Consonants

kakhagaghaŋa
chachhajajhaña
tathadadhaṇa
ṭaṭhaḍaḍhana
paphababhama
yaralawa
shashasaha
kshyaक्षṭraत्रjñaज्ञ

Vowels

aāiī
uūrieai
oauamअंahअः

Hindi alphabet and writing system

This section provides an overview of the Hindi alphabet and the Hindi writing system. The Hindi writing system is not an alphabetic writing system; rather it constitutes a cross between syllabic writing systems and alphabetic writing systems. However, the term "alphabet" in this section is used in a wider sense to include aspects of both systems. In addition, it is used in a similar sense to exclude or include some characters.

Contents

Traditional Hindi alphabet and standard Hindi alphabet

The traditional Hindi alphabet and the standard Hindi alphabet contain some common letters and each contains some unique letters. They both contain 11 vowel letters, अ to औ, and 33 consonants letters, क to ह.

In addition to those common letters, the standard Hindi alphabet, standardized by the Government of India, includes two instances of consonants ड and ढ with a combining mark Nukta, ड़ (represented as U+095C DEVANAGARI LETTER DDDHA in Unicode) and ढ़ (represented as U+095D DEVANAGARI LETTER RHA in Unicode). Nukta (represented as U+093C DEVANAGARI SIGN NUKTA in Unicode) extends a consonant letter to create a new letter with a subscript dot. The government guidelines[1] categorize the additional two consonants, ड़ and ढ़, as retroflex flapped consonants and mention that they are special sounds in Hindi that are not available in Sanskrit and that they never occur initially in Hindi words. In addition, the guidelines note that Nukta could occur with a few other consonant letters in the form of क़, ख़, ग़, ज़ and फ़ in order to represent some Arabic, Persian and English consonant sounds in Hindi words borrowed from those languages. However, the guidelines do not consider this category of the letters as consonants, unlike ड़ and ढ़.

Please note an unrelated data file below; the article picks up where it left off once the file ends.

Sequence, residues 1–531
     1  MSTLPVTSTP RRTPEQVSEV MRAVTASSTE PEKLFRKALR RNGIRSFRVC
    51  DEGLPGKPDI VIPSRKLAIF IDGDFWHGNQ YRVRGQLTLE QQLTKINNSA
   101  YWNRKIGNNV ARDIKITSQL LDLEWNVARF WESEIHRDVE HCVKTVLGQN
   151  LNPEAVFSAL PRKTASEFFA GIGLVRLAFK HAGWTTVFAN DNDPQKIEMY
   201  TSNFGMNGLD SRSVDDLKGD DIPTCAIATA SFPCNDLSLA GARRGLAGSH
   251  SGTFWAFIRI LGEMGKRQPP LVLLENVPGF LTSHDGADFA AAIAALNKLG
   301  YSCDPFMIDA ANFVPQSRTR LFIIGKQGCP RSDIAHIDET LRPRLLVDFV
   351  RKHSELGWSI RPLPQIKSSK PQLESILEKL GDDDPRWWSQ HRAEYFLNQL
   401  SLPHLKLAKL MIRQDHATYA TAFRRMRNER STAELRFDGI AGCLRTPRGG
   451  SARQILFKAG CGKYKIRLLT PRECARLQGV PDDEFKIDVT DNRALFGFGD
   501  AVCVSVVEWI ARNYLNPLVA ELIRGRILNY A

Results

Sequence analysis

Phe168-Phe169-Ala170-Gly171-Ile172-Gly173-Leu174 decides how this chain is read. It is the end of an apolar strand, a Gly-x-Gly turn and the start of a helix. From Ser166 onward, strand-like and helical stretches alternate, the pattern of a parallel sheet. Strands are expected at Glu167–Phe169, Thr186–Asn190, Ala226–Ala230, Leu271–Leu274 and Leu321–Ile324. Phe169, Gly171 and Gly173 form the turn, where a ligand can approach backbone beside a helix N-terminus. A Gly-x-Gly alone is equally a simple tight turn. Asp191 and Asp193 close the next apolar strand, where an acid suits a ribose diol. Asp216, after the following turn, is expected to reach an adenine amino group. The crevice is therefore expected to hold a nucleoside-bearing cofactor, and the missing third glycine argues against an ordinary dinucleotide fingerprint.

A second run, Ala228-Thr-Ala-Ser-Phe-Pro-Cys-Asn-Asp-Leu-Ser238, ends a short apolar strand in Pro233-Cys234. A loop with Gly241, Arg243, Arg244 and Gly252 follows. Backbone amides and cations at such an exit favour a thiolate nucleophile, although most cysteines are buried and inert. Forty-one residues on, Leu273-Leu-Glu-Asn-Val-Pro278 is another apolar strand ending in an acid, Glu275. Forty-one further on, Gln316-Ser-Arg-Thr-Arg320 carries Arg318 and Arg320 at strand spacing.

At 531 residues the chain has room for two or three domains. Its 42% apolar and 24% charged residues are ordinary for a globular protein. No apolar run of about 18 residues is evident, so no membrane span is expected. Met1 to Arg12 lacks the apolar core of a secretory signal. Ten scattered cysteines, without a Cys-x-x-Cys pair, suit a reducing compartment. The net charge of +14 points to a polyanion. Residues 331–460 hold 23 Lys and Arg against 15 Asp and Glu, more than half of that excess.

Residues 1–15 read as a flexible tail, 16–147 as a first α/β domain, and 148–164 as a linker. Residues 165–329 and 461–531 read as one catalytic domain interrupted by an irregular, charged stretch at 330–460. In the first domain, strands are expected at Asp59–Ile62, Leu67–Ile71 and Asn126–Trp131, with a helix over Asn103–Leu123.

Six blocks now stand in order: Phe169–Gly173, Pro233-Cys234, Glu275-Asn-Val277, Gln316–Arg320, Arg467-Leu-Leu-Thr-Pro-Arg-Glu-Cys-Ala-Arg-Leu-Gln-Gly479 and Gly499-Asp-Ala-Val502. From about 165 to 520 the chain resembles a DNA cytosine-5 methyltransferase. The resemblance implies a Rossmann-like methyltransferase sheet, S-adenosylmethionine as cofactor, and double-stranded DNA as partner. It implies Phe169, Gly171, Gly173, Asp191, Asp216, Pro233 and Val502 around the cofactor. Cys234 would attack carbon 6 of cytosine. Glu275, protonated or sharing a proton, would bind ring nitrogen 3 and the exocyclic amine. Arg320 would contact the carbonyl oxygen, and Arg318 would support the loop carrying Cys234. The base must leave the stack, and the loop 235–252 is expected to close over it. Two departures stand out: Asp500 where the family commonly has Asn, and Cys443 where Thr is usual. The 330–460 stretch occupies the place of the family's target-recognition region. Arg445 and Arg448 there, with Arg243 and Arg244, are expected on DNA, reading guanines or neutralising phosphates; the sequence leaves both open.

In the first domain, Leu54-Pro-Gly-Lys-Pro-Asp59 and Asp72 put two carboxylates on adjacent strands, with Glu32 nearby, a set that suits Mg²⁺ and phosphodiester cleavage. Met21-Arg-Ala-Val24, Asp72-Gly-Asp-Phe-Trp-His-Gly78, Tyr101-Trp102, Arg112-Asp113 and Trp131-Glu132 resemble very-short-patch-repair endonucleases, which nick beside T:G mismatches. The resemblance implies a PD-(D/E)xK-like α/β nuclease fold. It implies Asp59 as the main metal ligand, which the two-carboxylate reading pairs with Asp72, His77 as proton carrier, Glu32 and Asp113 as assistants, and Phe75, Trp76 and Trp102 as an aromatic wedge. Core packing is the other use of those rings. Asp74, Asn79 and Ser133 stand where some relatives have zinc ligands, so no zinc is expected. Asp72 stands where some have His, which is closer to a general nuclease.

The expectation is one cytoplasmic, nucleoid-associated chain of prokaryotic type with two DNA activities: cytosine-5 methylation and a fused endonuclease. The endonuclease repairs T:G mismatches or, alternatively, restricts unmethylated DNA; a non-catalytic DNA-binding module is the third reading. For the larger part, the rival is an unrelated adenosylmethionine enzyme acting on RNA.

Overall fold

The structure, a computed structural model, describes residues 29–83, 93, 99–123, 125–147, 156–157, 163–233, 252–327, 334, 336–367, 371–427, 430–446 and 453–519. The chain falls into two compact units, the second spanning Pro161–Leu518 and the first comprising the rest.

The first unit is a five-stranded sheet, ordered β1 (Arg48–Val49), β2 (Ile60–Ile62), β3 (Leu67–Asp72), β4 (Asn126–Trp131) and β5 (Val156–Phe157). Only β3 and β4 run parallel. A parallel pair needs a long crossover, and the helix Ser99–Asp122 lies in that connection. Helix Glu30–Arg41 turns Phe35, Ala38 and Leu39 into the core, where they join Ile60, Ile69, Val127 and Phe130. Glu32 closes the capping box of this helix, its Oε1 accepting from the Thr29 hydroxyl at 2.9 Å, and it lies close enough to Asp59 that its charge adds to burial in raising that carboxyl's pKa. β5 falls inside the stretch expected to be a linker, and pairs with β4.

As regards to the traditional Hindi alphabet, in addition to the common 11 vowels and 33 consonants, it includes three conjuncts, क्ष /kshya/, त्र /ṭra/, ज्ञ /jña/, commonly regarded as consonants and two instances of vowel अ /a/ with a combining mark, अं /am/ and अः /ah/, commonly regarded as vowels in popular and traditional teachings. The alphabet presented at the beginning of this article represents the traditional Hindi alphabet.

The Hindi writing system

Hindi is written in Devanagari script, a descendant of the Brahmi script. The Devanagari script is written from left to right and there are no special forms for capital letters.

The effective unit or the smallest unit of the Hindi writing system is a syllable consisting of a consonant and vowel (CV) core, and optionally, one or more preceding consonants. The orthographic syllable is built up of alphabetic pieces consisting of three distinct character types: consonant letters, independent vowel letters, and dependent vowel signs. Consonant letters by themselves constitute a CV unit, where the V is an inherent vowel. Independent vowel letters also constitute a CV unit, where the C is considered to be null. A dependent vowel sign is used to represent a V in CV units where V is not the inherent vowel.

These characteristics make the Hindi writing system a cross between syllabic writing systems and alphabetic writing systems.

Similar to the alphabetic writing systems, it consists of consonants and vowels. However, all vowels cannot be written independently, which does not make it a true alphabetic writing system. In addition, the inherent vowel /a/ is not written at all.